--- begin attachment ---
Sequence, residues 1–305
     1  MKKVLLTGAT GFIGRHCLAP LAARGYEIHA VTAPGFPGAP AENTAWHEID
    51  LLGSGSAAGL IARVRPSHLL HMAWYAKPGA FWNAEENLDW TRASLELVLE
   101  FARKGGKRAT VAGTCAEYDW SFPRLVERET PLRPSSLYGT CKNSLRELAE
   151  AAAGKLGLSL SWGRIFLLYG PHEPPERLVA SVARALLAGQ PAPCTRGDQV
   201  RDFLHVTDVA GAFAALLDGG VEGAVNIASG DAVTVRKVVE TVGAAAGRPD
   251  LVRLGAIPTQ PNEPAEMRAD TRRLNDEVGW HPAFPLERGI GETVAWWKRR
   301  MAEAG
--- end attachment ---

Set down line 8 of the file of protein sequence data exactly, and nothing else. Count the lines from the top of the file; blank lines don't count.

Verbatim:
   301  MAEAG